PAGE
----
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Sequential Training of Neural Networks with Gradient Boosting

  • Monday, February 24, 2020. Edif. B, B-351, EPS-UAM.
  • Dr. Gonzalo Martinez (UAM)
  • This talk presents a novel technique based on gradient boosting to train a shallow neural network (NN). Gradient boosting is an additive expansion algorithm in which a series of models are trained sequentially to approximate a given function. A one hidden layer neural network can also be seen as an additive model where the scalar product of the responses of the hidden layer and its weights provide the final output of the network. Instead of training the network as a whole,the proposed algorithm trains the network sequentially in T steps. First, the bias term of the network is initialized with a constant approximation that minimizes the average loss of the data. Then, at each step, a portion of the network, composed of K neurons, is trained to approximate the pseudo-residuals on the training data computed from the previous iteration. Finally, the T partial models and bias are in- tegrated as a single NN with T×K neurons in the hidden layer. We show that the proposed algorithm is more robust to overfitting than a standard neural network with respect to the number of neurons of the last hidden layer. Furthermore, we show that the proposed method design permits to reduce the number of neurons to be used without a significant reduction of its generalization ability. This permits to adapt the model to different classification speed requirements on the fly. Extensive experiments in classification and regression tasks, as well as in combination with a deep convolutional neural network, are carried out showing a better generalization performance than a standard neural network.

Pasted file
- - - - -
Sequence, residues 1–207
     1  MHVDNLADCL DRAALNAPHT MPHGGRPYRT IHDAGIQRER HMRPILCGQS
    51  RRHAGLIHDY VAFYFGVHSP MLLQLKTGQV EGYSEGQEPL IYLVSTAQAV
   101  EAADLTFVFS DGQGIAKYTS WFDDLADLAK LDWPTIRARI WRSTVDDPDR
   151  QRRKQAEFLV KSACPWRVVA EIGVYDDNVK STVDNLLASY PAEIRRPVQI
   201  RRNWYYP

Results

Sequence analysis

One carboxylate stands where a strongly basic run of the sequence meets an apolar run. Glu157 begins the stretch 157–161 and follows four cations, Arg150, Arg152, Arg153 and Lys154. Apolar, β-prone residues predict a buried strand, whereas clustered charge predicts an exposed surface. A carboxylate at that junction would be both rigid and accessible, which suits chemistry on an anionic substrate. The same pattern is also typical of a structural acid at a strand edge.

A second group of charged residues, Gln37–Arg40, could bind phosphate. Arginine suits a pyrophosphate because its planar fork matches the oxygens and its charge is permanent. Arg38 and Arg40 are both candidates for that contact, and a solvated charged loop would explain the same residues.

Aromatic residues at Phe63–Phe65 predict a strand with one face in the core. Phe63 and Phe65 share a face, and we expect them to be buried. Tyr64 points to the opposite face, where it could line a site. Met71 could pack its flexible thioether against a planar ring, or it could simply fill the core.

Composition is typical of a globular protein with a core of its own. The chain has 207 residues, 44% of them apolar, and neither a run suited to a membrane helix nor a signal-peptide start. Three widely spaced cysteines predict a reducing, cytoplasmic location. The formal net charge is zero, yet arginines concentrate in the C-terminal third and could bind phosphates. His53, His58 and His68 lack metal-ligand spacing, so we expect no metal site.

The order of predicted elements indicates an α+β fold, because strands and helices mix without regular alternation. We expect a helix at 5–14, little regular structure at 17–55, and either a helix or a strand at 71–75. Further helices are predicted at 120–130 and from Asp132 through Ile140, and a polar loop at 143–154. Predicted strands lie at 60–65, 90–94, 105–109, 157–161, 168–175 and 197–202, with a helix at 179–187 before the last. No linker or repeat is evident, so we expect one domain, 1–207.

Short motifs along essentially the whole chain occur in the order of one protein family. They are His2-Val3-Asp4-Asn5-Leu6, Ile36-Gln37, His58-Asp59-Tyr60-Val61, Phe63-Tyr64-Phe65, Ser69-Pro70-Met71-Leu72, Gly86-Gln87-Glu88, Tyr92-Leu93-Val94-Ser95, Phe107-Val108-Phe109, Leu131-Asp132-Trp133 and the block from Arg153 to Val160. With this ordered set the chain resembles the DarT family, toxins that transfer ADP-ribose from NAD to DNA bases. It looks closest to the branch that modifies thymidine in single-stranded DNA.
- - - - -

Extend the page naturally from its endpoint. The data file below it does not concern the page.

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Comparing weak and unsupervised Anomaly Detection at the LHC

  • Monday, January 28, 2020. Edif. B, B-351, EPS-UAM.
  • Pablo Martin (IFT-UAM)